TVO has launched two free educational apps for kids, designed in partnership with the University of Toronto’s Ontario Institute for Studies in Education (OISE) to increase a child’s capacity to learn. OISE has conducted formal research into the effectiveness of the apps and found that Hop, Frog, Hop! and Ribbit, Frog, Ribbit!can help improve a child’s working memory – a brain function essential to learning across all subject areas and in particular math.
The effectiveness of the apps was evaluated in a controlled randomized experiment by lead researcher Zachary Hawes, under principal investigator Dr. Janette Pelletier, Director of the Dr. Eric Jackman Institute of Child Study at OISE. The six-week study, involving 66 Grade 1 students, found that the students who played Hop, Frog, Hop! and Ribbit, Frog, Ribbit! showed statistically significant improvements on two tasks that measured their working memory and self-regulation, in comparison to the control group of students who played only math games. The students who played the working memory games showed greater improvements across all seven tasks used in the study including measures of math aptitude.
Working memory, broadly defined as the ability to actively hold and manipulate information in the mind for a brief period of time, is essential to a child’s ability to complete learning tasks such as following instructions in the classroom, performing mental arithmetic and understanding the meaning of printed text. Low working memory is also closely linked with behaviour problems in the classroom and behavioural disorders like Attention Deficit Hyperactivity Disorder (See Martinussen, Hayden, Hogg-Johnson & Tannock, 2005: Wilcutt, Doyle, Nigg, Faraone & Pennington, 2005).
“Given the importance of working memory and self-regulation in the classroom, evidence-based games like TVOKids’ Hop, Frog, Hop! and Ribbit, Frog, Ribbit! appear to be one effective method for improving children’s capacity to learn,” said Zachary Hawes. “Content-specific educational computer games, such as math games, might only lead to improvements in tasks practised during game play. What makes this study exciting is that the working memory training games have been shown to lead to improvements across multiple subject areas.”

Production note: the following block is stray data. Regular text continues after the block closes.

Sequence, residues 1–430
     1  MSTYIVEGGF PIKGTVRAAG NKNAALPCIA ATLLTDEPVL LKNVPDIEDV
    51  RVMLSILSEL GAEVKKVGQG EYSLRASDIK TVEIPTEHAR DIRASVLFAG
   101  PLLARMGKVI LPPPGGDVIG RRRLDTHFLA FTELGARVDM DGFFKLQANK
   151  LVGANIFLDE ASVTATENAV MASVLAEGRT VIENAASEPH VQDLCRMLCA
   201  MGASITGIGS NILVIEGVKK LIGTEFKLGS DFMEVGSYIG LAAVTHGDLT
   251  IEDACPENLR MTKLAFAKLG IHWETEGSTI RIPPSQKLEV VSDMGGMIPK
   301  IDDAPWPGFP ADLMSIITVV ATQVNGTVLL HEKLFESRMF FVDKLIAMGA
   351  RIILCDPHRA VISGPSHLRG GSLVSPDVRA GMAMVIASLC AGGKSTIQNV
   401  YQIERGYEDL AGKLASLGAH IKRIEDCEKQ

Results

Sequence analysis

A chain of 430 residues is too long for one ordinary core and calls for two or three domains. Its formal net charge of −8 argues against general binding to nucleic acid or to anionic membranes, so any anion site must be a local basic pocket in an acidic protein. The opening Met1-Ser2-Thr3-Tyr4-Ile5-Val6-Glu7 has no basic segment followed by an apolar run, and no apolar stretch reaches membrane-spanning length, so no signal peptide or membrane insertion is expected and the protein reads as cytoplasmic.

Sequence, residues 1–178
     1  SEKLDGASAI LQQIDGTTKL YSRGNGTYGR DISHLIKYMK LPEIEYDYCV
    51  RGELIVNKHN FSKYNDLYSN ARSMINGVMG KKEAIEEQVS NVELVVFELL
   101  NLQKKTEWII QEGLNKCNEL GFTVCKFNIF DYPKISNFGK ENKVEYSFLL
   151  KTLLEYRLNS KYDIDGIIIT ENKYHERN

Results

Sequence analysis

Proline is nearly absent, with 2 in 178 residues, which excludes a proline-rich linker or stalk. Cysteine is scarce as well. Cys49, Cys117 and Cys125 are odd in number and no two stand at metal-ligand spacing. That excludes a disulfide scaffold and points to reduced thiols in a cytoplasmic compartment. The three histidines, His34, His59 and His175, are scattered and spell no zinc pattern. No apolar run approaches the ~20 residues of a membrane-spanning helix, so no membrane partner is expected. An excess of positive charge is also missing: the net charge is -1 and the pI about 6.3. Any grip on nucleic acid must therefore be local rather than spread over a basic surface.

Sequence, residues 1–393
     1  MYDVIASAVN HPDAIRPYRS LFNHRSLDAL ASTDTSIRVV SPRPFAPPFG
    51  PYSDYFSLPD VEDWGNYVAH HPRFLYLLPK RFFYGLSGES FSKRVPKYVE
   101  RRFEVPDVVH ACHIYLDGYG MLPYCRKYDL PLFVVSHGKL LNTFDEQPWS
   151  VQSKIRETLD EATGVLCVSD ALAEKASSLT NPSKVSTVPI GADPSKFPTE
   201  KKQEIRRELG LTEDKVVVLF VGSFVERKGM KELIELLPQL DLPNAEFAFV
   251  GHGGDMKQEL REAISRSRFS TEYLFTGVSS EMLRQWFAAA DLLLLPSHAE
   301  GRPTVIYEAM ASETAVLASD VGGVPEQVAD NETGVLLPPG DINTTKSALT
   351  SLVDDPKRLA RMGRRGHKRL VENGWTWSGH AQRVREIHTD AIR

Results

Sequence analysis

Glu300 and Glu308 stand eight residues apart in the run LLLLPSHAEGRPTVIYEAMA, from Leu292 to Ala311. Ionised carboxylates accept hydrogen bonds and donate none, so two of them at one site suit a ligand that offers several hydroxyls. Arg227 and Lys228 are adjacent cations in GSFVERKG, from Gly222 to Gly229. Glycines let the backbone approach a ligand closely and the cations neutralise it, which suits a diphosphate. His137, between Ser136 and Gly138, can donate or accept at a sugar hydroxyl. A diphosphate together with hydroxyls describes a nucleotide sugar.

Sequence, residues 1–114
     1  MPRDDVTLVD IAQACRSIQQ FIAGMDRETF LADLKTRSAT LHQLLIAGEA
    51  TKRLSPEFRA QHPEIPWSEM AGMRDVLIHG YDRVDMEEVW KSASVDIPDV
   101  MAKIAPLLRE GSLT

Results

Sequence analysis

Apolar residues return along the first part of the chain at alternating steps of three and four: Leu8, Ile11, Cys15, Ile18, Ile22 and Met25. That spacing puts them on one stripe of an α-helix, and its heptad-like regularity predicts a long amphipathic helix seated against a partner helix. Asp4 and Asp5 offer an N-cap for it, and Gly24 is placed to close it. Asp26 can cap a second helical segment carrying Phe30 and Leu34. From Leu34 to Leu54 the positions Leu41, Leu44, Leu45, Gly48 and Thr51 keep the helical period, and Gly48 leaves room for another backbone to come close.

The two frog-themed apps are available for free download on tablet devices, and the games are also online at tvokids.com. Featuring colourful frog characters, the games challenge players to match hopping patterns or follow music note sequences that increase in complexity as the player improves. These fun and challenging memory games were created for children aged six to nine, but older kids and adults will also find the games to be a great brain workout.
“In a crowded market for kids apps, TVOKids’ rigorous game development process and formal research set us apart and allow us to create resources like Hop, Frog, Hop! and Ribbit, Frog, Ribbit! that have a direct impact on children’s learning,” said Pat Ellingson, TVO’s Creative Head of Children’s Media. “Our commitment to research is part of the reason TVOKids is considered the most trusted and most educational children’s media brand in Canada.”
Since 2005, TVO’s formal research partnership with OISE has helped provide evidence that TVOKids resources are delivering on their educational objectives and equipping kids to be successful digital learners. This 2012 Working Memory study builds on a study conducted in 2010 that showed that kids who used TVOKids resources as part of a family literacy program had significantly greater gains in early reading, early writing and phonological awareness than those who did not.